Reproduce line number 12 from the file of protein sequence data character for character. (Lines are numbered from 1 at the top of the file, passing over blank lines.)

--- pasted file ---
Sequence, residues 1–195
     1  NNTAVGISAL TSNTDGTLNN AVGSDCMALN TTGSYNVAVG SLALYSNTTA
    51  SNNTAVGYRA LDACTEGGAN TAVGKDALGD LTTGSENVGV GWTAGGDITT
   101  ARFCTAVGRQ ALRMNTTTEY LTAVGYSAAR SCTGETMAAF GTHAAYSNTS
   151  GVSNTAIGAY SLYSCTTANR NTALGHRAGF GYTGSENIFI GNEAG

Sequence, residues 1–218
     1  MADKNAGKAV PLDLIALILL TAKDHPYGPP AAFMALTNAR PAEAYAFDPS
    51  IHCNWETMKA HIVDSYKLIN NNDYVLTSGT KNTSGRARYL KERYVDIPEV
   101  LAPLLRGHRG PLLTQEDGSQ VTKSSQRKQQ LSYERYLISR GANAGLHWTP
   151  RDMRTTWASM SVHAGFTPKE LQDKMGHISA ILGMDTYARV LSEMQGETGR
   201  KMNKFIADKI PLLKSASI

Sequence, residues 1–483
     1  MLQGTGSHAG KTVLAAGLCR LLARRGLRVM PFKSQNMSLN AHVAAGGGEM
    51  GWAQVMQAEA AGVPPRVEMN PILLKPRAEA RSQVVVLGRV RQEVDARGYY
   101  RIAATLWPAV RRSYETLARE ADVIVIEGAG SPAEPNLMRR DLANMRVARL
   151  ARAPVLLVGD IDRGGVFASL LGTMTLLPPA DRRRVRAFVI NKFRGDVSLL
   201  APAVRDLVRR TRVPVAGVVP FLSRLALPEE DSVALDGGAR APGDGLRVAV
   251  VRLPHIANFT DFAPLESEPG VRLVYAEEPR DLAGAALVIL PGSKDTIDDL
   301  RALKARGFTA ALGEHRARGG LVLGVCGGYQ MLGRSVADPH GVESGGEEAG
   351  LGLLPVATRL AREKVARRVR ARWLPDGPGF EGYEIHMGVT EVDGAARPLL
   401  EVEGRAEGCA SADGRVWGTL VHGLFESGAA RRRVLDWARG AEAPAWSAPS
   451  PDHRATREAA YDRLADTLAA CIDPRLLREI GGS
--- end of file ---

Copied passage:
Sequence, residues 1–483